FIFTIES MOVIE TRIVIA – PT7.

April 2, 2018 // 6 Comments

        Martin Milner The brilliant film noir Sweet Smell of Success (1957) was to have starred Robert Vaughn in his breakout role, but the draft intervened and he was sent off to do national service. Martin Milner inherited the role of Steve Dallas in this superb classic and Vaughn had to bide his time a little longer until the part of Napoleon Solo (The Man from U.N.C.L.E.) came along.   [...]

FIFTIES MOVIE TRIVIA – PT6.

March 31, 2018 // 0 Comments

The two leads in Carnival Story (1954), Steve Cochran and Anne Baxter, did not enjoy each other’s company during the shoot. ‘One minute I was Mother Cabrini, helping him with his complicated love life’, Anne said later, ‘the next kicking him out of my tiny penthouse for attempted rape. He was a handsome, talented, undisciplined bastard.’ Years later, when nobody would hire him anymore, [...]

FOUR BRITISH WARTIME CLASSICS

March 29, 2018 // 0 Comments

  The British have always been exceptionally good at making movies about World War Two. They seem to possess a knack for underplaying heroism which, unfortunately, tends to make warfare even more heroic than any amount of gaudy flag-waving might otherwise imply. Americans would probably be the first to admit that flag-waving, my country right or wrong stuff, is their style and they are proud of [...]

What Happened to the ‘Wagon Train’ (1957-65) Stars?

March 25, 2018 // 7 Comments

From 1957 until 1965 the prairie schooners of TV’s Wagon Train series rolled over 284 episodes. Throughout those eight seasons only eight actors (no actresses) appeared in fifty or more episodes. A minor actress named Kay Stewart popped up in eleven episodes from 1958 to 1964, playing eleven different women. Her career would span 40 years and 99 screen credits, mostly TV spots. Kay was an [...]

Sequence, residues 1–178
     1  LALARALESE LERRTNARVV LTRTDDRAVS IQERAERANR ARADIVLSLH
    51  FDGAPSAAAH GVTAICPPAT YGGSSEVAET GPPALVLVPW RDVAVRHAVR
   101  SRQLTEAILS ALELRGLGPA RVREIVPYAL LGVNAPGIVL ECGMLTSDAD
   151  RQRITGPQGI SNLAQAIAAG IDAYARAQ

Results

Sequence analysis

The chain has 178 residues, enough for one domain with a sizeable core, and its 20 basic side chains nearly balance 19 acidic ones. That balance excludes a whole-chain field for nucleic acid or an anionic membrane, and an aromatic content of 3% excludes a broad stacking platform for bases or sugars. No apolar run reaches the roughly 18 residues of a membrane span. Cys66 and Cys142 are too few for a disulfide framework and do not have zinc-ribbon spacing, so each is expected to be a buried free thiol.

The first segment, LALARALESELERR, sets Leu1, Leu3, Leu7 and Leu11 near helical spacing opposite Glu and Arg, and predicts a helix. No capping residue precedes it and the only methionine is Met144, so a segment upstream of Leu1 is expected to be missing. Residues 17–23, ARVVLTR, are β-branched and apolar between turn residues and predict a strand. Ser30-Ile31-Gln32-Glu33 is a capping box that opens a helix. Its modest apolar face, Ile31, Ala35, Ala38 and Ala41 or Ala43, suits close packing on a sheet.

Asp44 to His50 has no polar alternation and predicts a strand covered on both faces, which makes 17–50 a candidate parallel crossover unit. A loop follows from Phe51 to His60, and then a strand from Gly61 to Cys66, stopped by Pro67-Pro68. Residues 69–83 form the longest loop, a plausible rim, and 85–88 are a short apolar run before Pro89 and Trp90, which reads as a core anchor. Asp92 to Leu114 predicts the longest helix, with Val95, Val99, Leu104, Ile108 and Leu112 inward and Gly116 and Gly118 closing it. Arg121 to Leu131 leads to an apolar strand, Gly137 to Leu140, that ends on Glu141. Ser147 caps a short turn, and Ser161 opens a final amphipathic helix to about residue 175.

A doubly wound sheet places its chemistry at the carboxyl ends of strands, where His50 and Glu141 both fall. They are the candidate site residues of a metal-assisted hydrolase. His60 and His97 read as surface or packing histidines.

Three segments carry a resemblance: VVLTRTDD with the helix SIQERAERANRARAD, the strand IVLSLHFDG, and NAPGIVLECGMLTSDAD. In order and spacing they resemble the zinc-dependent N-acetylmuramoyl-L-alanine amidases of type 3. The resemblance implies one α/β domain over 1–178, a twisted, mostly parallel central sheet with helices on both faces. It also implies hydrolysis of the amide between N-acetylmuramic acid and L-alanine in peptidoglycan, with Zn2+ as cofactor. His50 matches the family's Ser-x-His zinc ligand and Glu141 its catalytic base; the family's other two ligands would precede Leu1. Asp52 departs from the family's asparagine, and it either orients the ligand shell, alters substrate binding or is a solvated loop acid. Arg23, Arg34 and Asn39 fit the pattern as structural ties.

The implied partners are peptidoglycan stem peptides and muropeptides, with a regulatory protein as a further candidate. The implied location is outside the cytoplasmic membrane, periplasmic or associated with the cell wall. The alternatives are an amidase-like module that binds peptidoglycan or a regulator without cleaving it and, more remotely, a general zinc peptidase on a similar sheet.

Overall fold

THE 10 WORST ‘BEST PICTURE’ OSCAR-WINNERS.

March 23, 2018 // 0 Comments

Selecting the ten worst winners of the ‘Best Picture’ Oscar is a whole lot tougher than choosing the ten best. Why? Because I have not always bothered to see a lot of the rubbishy ones. Only recently I sat through several of those I had avoided like the plague for decades and, having done so, I can now fully appreciate why I avoided them. A few of the very early winners, such as Wings [...]

BEST PICTURE OSCAR WINNERS – THE BEST AND THE WORST.

March 21, 2018 // 5 Comments

There have been some quite wonderful ‘Best Picture’ Oscar winners since 1927/8 and there have been some shockers, too. Just for the heck of it, I went through the list and jotted down my top ten and my bottom ten. If anyone agrees with either list I shall be flabbergasted, for we all look at movies from a hundred different perspectives. I have arranged my lists from ten to one. Number one in [...]

FIFTIES MOVIE TRIVIA – PT4.

March 19, 2018 // 6 Comments

Director Charles Laughton thought Robert Mitchum was one of the finest actors in the world and he also respected him as a person. He wrote in Esquire about the American who starred in his masterpiece The Night of the Hunter in 1955: ‘All this tough talk is a blind, you know. He’s a literate, gracious, kind man, with wonderful manners, and he speaks beautifully – when he wants to. He’s a [...]

FIFTIES MOVIE TRIVIA – PT3.

March 17, 2018 // 2 Comments

In the 1955 Hitchcock picture To Catch a Thief, there is a scene in which John Robie (Cary Grant) is discussing the cook’s ‘sensitive hands’ with an insurance agent and casually mentions that those hands once strangled a German general without a sound. For German audiences, however, the words were changed and he tells the man she had once caught a lion escaped from a circus with her bare [...]

FIFTIES MOVIE TRIVIA – PT2.

March 15, 2018 // 2 Comments

  Tea and Sympathy (1956) could have been a fine movie, but the Production Code Administration (PCA) and the Catholic Legion of Decency (CLOD) did all in their considerable powers to emasculate it. And they succeeded. No matter how many times the screenplay was rewritten, they continued to find it ‘morally unacceptable’. Loew’s theatre chain and several other major chains refused to [...]

FIFTIES MOVIE TRIVIA – PT1.

March 13, 2018 // 2 Comments

The Moon is Blue (1953) is a pretty tame picture, yet it was the first post-Hayes mainstream Hollywood movie to use the words ‘virgin’, ‘seduce’ and ‘mistress’ (in the sexual partner sense). The mere utterance of these three words was enough to get the picture banned from theatres in Boston, Massachusetts. Director Otto Preminger shot two versions of the movie, one in English and one [...]
1 2 3 4 5 66